While American restaurants—at least those I observed—are not blessed by the same standards of sanitary "care," Orwell is correct in attributing to cooks the desire to have the food look and taste right without excess concern about the process by which it becomes right. Workers do what they must within the reality of the structure of the restaurant.
PERSONAL ORGANIZATION AS COPING
When one asks cooks what is essential to help them get through the day, they frequently point to personal organization—organizing those projects that comprise the arc of work (Strauss 1991, p. 72). Workers with numerous unpredictably arrayed tasks find that it is not the work but the preparation for that work that is critical. I asked one cook at the Owl's Nest what he considered the most demanding part of his job: "The job is as easy as you make it. If you get the stuff lined up, it's easy. There's nothing hard once you have a system. You know what you're going to do and when" (Field notes, Owl's Nest). Crucial to culinary success is to segment projects and to know their proper order. Without this ordering, what is doable becomes disastrous. The challenge of cooking (and much work) is less what is done than the relationship among acts: "Things seem to fall together really easy for me.... When I have twenty-five different things that I have to prep up, I can usually. I know how to organize things" (Personal interview, Owl's Nest). After my first day in a restaurant kitchen I wrote: "Each action in the kitchen requires but a few seconds. It is almost as though the cooks are working on twenty assembly lines simultaneously—each requires a different action. It also requires remarkable coordination among cooks" (Field notes, Owl's Nest). The skill is to order multiple tasks under intense pressure—even if they are unable to specify the rules for what is to be done when. Each task is relatively unproblematic if provided sufficient time, but the sum is nearly impossible for the inexperienced. The nearly impossible is routine because cooks are experienced enough to adjust their speed and sequencing to meet demands of the arc of work—the totality of tasks. Perhaps the greatest challenge for cooks is when they fall behind or lose track of their tasks. The arc of work assumes detailed behavioral monitoring. The finely tuned system can fall apart, to which anyone who has had their focused concentration disturbed can attest. Cooking under pressure demands attention to an internal agenda. When I asked a cook at the steakhouse about his greatest frustration, he shared concrete instances that confirm the salience of concentration: "Falling behind on your backup supplies like your sour cream and your tartar sauce. Just not having the time or the manpower to recuperate" (Field notes, Stan's). The desire to keep pace means that cooks attempt, whenever possible, to "get ahead," incorporating slack time into the process. Particularly when dealing with cold food (e.g., salads, sandwich fixings, or desserts) that does not spoil, cooks may prepare more than actually ordered (e.g., Whyte 1948, p. 3)—they have the luxury to overproduce for later use.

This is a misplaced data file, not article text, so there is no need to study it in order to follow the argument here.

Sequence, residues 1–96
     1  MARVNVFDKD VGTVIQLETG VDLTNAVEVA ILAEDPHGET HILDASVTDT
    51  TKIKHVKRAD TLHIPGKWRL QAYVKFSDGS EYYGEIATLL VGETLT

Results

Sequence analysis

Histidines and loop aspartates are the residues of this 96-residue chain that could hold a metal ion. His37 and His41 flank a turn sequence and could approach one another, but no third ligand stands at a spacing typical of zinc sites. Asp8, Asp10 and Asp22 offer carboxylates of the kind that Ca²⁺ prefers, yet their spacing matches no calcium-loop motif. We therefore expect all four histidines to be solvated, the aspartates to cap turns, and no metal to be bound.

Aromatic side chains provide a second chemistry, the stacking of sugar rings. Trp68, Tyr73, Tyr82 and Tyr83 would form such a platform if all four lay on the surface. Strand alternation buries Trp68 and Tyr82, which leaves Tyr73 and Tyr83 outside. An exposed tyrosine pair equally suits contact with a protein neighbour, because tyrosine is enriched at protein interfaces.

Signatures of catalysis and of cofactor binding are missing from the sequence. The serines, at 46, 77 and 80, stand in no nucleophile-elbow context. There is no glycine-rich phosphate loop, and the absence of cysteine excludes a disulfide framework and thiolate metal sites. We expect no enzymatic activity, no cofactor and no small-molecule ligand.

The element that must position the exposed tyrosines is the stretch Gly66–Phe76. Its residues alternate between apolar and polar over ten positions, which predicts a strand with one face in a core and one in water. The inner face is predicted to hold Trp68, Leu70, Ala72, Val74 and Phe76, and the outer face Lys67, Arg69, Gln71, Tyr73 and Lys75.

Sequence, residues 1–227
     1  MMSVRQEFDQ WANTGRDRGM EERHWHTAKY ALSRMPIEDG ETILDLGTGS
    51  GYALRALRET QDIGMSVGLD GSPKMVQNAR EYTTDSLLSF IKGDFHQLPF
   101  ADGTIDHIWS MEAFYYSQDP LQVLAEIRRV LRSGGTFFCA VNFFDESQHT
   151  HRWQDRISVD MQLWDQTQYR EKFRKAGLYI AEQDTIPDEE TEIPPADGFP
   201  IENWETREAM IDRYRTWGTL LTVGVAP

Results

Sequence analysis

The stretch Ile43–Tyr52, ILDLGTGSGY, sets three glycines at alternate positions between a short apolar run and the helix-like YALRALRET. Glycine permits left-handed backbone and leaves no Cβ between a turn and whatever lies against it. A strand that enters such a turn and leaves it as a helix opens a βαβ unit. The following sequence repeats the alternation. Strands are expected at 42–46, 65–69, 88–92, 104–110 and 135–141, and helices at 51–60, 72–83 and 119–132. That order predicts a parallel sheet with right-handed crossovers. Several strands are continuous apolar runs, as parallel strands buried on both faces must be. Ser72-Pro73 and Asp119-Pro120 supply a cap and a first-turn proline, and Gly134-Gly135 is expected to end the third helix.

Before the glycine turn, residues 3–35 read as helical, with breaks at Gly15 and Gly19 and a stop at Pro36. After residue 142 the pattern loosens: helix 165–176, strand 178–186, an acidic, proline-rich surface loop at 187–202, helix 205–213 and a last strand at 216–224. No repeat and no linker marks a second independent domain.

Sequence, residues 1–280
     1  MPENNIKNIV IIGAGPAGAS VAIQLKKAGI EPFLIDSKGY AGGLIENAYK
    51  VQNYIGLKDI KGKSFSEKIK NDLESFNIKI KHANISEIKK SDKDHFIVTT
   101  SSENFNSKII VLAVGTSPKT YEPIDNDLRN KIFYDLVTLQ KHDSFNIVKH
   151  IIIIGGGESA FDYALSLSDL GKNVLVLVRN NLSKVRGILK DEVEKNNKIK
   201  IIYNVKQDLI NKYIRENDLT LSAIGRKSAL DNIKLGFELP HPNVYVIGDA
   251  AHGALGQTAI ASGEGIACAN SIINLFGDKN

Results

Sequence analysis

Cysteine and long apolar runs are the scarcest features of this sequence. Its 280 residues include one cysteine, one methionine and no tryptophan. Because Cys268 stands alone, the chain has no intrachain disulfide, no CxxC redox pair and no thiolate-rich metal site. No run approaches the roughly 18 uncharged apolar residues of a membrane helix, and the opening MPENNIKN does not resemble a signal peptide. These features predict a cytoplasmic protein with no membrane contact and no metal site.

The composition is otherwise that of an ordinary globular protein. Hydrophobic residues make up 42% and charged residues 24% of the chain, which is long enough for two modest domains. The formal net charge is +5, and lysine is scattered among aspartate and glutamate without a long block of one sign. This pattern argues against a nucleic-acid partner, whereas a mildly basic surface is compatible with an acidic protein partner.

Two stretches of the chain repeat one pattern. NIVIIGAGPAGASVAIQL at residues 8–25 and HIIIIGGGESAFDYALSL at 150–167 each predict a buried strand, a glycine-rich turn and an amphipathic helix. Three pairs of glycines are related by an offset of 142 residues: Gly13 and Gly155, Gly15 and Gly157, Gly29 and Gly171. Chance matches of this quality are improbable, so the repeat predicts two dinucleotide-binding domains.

One means of facilitating this organization of work is to limit the options available to customers and, hence, the degree of organization needed by workers. This is output control of kind, not quantity. To control the work pace, restaurants may provide limited menus or incorporate the same elements in a large selection of dishes (the latter practice is common in Asian establishments). Restaurants with extensive menus have either simple preparations or a large staff. Repeatedly preparing the same items is easier to organize than offering a wide range of choices: flexibility can go too far in an industrial workplace. As a result, large parties are given restricted menus to ease the chores for the cooks: "A party of seventy-five will arrive for dinner at 7:30 P.M. They are given a choice of two items. Charles, the manager, tells me: 'We'll sheet pan the steaks. We'll seer the steak, then bake it. We must be restrictive with them. That's how all restaurants which serve parties do it.... It comes out nice.' Charles admits that he can taste the difference" (Field notes, Stan's). A limited range of selections effectively controls the enormity of the task. This limitation, however, may provoke dissatisfaction among clients, who if they do not find choices to their liking may patronize other establishments.
EASING THE WAY
Every occupation has informal, sub-rosa procedures that make work tolerable: techniques labeled "the underside of work." Despite the "official" practices that workers are expected to follow, the practical accomplishment of the job encourages other techniques that lighten the burden of work.
I classify these sub-rosa techniques into three classes: (1) approximations, (2) shortcuts, and (3) tricks of the trade. Approximations are techniques that deny the primacy of formal rules, suggesting that workers have the autonomy to make choices around a zone of acceptable practice. Every cook has the option to make decisions, and, in fact, measuring and timing devices are never so precise that approximation is absent. Professional cooks take these approximations as necessary and natural, whereas some home cooks (and novice professionals) attempt to avoid it, unsure of the effects of their choices. Shortcuts are techniques accessible to all those who know the task: options of which every cook—professional or amateur—is potentially aware. These involve making "improper" choices that bend or break the rules of production, but that save time and effort. Tricks of the trade are primarily known within the occupation, whether in an individual establishment or in the industry as a whole, and are contained within the boundaries of the occupation as subcultural knowledge. Unlike shortcuts, these need not be formally improper but are easier techniques of reaching a desired end.
Excerpted from Kitchens by Gary Alan Fine. Copyright © 1996 The Regents of the University of California. Excerpted by permission of UNIVERSITY OF CALIFORNIA PRESS.
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Gary Alan Fine is John Evans Professor of Sociology at Northwestern University.